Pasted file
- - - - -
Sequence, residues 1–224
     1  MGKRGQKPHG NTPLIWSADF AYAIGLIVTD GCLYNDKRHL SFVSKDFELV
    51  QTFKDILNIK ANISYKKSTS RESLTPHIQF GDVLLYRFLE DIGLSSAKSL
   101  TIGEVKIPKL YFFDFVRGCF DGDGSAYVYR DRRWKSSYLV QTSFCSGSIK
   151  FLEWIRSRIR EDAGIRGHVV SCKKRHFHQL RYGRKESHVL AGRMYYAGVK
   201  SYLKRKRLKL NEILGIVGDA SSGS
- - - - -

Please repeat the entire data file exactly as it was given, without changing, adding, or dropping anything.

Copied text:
Sequence, residues 1–224
     1  MGKRGQKPHG NTPLIWSADF AYAIGLIVTD GCLYNDKRHL SFVSKDFELV
    51  QTFKDILNIK ANISYKKSTS RESLTPHIQF GDVLLYRFLE DIGLSSAKSL
   101  TIGEVKIPKL YFFDFVRGCF DGDGSAYVYR DRRWKSSYLV QTSFCSGSIK
   151  FLEWIRSRIR EDAGIRGHVV SCKKRHFHQL RYGRKESHVL AGRMYYAGVK
   201  SYLKRKRLKL NEILGIVGDA SSGS